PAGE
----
Introducing… Wilbur Cooper

One of the top pitchers of the early days of the Lively Ball Era, Cooper was a fine southpaw who was a multi-talented man on the roster.  A four-time 20-win pitcher, Cooper was also a stud with a bat in his hands.  In 1922, Wilbur clubbed four homeruns and in 1924 he hit a robust .346.  But it was with the old soup bone that Cooper made his mark.  He retired with 216 wins–good for 82nd on the all-time list.

Wilbur had a fine initial showing with the Pirates in 1912.  The southpaw made four starts, tossed a pair of shutouts and posted a 1.66 ERA.  Pirates skipper Fred Clarke had to be pleased with the youngster’s work and with Babe Adams, Claude Hendrix, Howie Camnitz and Marty O’Toole in town, Clarke surely had high hopes for a strong 1913 campaign.  Coop wasn’t as sharp in 1913 but had a fine 1914 season at the age of 22.  The lefty led Pirate hurlers in wins while fashioning a 2.12 ERA on 267 innings pitched.

After a disastrous 1915, Cooper got back on track in 1916.  In arguably his finest season, Wilbur posted a 1.87 ERA and kept batters from meeting his offerings with a tidy 0.768 hits per inning mark.  By 1917, the once proud Pirates had become the National League’s laughing-stock.  No longer the best team in the NL, the Pirates clung to the past with a 43-year-old Honus Wagner and little else on the roster.  Cooper worked the best he could under dire circumstances.  He remarkably posted a winning percentage of .607 in ’17 on a team with a season winning percentage of just .331.

Wilbur won 19 games in 1918 and finished second in the NL in the strikeout department.  Teams during this era used their staff aces as stoppers and Cooper tied for the league lead in saves.  In fine shape again in 1919, Cooper came one win shy of 20 for the second straight year.  He nevertheless led the National League in complete games and owned some decent lumber-eluding stuff, indicated by his coughing up just 229 hits in 287 innings of work.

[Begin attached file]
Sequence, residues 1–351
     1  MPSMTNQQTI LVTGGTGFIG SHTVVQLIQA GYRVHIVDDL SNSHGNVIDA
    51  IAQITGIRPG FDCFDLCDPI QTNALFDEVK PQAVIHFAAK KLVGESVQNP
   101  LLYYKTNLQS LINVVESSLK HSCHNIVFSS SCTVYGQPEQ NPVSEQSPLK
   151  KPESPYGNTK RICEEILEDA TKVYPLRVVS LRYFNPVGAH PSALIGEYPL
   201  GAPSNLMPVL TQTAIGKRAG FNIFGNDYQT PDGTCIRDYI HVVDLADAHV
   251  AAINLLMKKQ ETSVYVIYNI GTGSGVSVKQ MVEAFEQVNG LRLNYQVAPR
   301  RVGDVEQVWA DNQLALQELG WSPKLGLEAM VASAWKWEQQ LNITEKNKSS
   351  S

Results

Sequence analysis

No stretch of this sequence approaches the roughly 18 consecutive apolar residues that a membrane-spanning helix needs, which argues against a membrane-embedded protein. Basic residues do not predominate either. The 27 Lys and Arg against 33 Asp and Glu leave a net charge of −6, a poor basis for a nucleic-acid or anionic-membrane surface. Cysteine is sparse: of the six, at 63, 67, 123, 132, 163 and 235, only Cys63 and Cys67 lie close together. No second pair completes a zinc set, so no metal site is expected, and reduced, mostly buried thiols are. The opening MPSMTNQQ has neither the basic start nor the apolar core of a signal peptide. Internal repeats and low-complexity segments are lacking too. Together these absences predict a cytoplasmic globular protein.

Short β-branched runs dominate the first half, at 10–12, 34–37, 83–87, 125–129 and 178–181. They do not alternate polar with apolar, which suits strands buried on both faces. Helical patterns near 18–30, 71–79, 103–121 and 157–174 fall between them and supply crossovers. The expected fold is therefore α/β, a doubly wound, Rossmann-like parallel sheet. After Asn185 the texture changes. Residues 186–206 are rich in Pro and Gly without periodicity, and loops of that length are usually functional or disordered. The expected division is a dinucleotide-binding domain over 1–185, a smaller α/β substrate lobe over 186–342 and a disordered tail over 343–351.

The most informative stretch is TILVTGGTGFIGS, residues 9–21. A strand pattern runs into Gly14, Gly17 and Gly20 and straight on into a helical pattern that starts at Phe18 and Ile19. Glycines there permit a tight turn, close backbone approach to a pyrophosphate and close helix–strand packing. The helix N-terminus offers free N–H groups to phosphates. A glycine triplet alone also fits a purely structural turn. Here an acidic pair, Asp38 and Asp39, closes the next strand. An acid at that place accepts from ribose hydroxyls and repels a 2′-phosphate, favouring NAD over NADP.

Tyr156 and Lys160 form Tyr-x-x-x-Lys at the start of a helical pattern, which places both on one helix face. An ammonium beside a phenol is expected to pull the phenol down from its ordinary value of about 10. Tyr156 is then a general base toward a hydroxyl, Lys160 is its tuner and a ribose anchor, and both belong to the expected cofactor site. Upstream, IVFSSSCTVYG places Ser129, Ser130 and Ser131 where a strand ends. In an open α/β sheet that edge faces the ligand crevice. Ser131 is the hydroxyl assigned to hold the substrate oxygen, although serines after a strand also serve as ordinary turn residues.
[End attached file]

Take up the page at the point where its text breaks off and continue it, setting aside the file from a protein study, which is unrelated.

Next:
Cooper finally got over the hump in 1920 and posted his first 20-win season.  The southpaw notched 24 victories for the Bucs and had the first of two-straight 300+ inning campaigns.  His 327 innings pitched were good for second in the NL.  The following year, Wilbur’s identical 327 innings of work was enough to top the senior circuit as the lefty also paced the league with 22 victories.  He reached his career high with 134 strikeouts–second in the National League.

One of the top workhorses of his time, Cooper led the NL with 27 complete games in 1922.  For the third straight year he eclipsed the 20 win marker by posting 23 Ws for the Buccos.  Forever the pack mule, Cooper carried his share of the load and then some in 1923, a year in which he led the National League in games started.  The Pirates were starting to turn the corner in 1924 under the watchful eye of Hall of Fame skipper Bill McKechnie.  That season Wilbur enjoyed his fourth 20-win campaign and tied for the NL lead in shutouts.  He teamed with Ray Kremer and Emil Yde to give the Pirates three hurlers with four shutouts apiece.

The Pirates needed offensive help for 1925 and despite Cooper’s 20-win season in ’24, he was used as trade bait to bring in the bat of George Grantham.  It was a wise move on the Pirates part who had already gotten nine 250+ innings pitched seasons out of his soup bone.  He pitched his tenth consecutive 200 inning season in 1925 with the Cubs, but it was essentially his last good year.  He finished the 1926 season with the Detroit Tigers and then spent the next four years in the PCL and Texas League.


W 216/L 178/PCT .548/G 517/CG 279/IP 3,482/H 3,415/BB 853/SO 1,252/SHO 36/ERA 2.89

1 comment
  1. brettkiser said:

    A Deadball Era pitcher who nearly averaged a hit allowed per inning is hardly anyone to champion for the HOF, but Coop did notch 216 wins. He was a top workhorse and the change from the Deadball to the Livley Ball Era didn’t seem to have much effect on him. His HOF chances are slight.

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